Hellblazer: Rise and Fall by Tom Taylor

Title: Hellblazer: Rise and Fall.
Writer(s): Tom Taylor.
Artist(s): Darick Robertson.
Colourist(s): Diego Rodriguez.
Letterer(s): Deron Bennett.
PublisherDC Comics.

: Hardcover.
Release Date: April 27th 2021.
Pages: 200.
Genre(s): Comics, Horror.
ISBN13: 9781779504661.
My Overall Rating:

Rating: 3 out of 5.


Guilt has a way to gnaw at your consciousness in a frustratingly distressing manner. If left to proliferate throughout your mind without any prudent solutions, it can destroy lives and send individuals down a dark road. For John Constantine, there’s no context for an upbringing more devastating than his own when his very existence is a burden for his father. Growing up, his rebellious self leads him to find refuge in the occult yet such a playground in heaven and hell opens up a world of terrifying possibilities that could only promise misery and regret if he doesn’t thread carefully. But who ever thought John Constantine would ever play by the rules? Collecting all three issues of the DC Black Label miniseries, writer Tom Taylor (Injustice, DCeased) and artist Darick Robertson (The Boys) form an exciting new creative team to explore a careless and cynical hero’s journey of redemption.

What is Hellblazer: Rise and Fall about? On one fateful night, a billionaire falls from the sky, skewered on a church spire, with angel wings attached to his body. Detective Aisha Bukhari doesn’t have much of a lead on this case, especially when they’re unable to identify the animal from which those feathers are from. It’s when occult investigator John Constantine, a childhood acquaintance, knocks on her door and unveils to her the link of this mystery to a tragedy they were all part of as children, that everything starts to make sense. This tragedy that marked John Constantine’s first foray into mystic art, but also the first death on his hands, has now come to haunt them all once again. Working together, accepting all conspicuous help that comes along the way, they race against time to stop a demon from wreaking havoc and plummeting their world into an unforgiving calamity.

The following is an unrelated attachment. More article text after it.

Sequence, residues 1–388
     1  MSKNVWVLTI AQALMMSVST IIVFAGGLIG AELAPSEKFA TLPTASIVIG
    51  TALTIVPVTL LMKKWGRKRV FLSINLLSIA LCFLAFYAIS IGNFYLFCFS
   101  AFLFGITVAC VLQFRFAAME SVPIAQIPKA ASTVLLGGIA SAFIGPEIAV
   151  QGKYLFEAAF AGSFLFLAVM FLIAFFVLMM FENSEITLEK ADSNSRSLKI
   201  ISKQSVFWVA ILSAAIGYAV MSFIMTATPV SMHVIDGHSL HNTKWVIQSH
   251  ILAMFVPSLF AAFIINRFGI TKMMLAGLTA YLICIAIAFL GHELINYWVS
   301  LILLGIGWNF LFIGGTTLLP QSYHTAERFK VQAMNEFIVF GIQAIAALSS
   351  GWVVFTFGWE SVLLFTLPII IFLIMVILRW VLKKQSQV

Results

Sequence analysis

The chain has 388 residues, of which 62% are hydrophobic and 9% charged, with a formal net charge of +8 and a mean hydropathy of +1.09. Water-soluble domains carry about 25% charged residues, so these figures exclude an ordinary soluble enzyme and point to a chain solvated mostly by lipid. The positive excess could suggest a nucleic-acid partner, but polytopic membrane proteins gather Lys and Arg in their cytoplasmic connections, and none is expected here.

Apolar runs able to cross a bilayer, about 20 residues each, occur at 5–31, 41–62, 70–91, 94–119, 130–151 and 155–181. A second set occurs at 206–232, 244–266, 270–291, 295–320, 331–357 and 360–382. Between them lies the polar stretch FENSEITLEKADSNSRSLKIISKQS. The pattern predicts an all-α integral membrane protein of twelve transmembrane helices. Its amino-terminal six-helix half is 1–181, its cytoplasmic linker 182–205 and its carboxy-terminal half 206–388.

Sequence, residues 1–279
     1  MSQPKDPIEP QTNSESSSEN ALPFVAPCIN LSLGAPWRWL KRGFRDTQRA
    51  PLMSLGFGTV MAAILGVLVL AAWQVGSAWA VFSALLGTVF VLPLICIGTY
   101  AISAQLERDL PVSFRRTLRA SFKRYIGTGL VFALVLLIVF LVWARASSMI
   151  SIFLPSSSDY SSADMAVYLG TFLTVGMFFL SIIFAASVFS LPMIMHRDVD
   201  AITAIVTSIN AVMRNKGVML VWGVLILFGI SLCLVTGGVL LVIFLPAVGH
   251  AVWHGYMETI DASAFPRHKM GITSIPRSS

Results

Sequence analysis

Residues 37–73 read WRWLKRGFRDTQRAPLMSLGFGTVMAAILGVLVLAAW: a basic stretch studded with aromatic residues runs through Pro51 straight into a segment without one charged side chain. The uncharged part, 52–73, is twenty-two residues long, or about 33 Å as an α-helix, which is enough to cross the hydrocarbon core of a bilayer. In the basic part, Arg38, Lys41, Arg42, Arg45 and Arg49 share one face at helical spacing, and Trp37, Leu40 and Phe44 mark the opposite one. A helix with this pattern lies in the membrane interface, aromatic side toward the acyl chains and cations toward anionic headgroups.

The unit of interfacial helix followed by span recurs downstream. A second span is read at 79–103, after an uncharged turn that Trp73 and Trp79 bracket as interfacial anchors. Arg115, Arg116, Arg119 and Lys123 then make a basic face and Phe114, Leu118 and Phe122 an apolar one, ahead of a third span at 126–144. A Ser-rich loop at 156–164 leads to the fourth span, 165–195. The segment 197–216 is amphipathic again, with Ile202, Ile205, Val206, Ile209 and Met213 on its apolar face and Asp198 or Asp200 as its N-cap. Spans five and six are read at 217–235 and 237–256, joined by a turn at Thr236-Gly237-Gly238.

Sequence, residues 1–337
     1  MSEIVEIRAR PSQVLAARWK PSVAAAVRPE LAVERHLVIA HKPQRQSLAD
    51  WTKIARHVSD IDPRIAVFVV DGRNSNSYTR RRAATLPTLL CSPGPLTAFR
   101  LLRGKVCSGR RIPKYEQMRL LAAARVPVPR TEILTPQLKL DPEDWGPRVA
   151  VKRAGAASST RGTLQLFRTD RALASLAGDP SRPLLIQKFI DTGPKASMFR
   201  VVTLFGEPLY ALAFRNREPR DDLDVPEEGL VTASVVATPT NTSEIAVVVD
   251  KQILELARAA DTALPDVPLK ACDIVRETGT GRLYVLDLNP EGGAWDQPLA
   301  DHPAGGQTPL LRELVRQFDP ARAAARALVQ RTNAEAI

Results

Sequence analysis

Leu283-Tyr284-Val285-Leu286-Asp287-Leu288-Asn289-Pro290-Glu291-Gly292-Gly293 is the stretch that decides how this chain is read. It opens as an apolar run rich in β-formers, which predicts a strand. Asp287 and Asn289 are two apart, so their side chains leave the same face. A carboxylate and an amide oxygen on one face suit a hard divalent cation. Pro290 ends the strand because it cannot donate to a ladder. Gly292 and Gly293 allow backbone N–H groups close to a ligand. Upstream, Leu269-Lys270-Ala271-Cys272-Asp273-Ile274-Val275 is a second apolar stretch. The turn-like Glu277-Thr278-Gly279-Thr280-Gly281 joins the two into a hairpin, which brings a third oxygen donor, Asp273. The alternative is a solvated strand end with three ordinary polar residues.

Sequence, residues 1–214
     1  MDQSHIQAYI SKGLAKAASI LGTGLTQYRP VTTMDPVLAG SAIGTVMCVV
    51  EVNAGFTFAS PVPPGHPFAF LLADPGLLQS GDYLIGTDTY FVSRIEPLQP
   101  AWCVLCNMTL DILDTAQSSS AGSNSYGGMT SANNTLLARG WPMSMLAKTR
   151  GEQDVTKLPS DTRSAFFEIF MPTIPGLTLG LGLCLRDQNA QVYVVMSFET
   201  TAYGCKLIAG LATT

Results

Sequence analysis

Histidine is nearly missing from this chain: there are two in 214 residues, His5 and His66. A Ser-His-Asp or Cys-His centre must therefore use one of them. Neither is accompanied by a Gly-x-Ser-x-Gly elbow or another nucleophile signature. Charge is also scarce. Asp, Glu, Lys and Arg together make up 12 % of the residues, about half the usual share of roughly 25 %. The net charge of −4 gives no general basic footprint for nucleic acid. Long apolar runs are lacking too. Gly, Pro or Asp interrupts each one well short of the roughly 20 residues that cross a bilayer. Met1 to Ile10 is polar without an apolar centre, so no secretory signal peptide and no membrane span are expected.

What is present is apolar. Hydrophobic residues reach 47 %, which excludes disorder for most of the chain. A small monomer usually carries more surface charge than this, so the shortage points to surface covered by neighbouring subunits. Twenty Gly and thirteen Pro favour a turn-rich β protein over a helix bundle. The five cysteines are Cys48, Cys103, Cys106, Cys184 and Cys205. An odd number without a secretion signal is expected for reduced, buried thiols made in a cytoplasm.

“In my experience, the dead prefer to be lied to.”

— Tom Taylor

In an effort to showcase John Constantine in all of his glory, from his out-of-the-blue ability to counter and defend himself against occult and mystical creatures to his weakness for personal vices, mostly revolving around his drug consumption (alcohol and cigarettes) or his homosexuality, writer Tom Taylor sacrifices creative and engaging narrative elements, that could have made this murder mystery much more memorable, for a shallow exploration of a hero’s complex personality. The story’s intrigue also mostly resides in the denouement of the mystery, quickly putting aside the whodunnit to focus on the how-do-we-undo-it and making the story much less memorable as the source of evil and everyone’s problem is revealed quite early. While the adventure in itself is engaging, paced with some great horror moments to capture the insanity of many of the situations that take place, it remains unrewarding due to its simplicity.